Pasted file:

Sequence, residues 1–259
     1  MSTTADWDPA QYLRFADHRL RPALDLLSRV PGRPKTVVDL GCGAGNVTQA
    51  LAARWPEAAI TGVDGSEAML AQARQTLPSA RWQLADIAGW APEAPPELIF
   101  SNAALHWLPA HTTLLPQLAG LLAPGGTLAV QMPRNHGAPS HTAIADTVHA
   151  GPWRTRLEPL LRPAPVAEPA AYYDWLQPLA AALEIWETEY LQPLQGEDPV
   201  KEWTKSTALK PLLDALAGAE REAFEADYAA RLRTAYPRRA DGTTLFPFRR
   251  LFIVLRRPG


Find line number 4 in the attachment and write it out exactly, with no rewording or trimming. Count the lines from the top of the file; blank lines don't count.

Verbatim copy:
   101  SNAALHWLPA HTTLLPQLAG LLAPGGTLAV QMPRNHGAPS HTAIADTVHA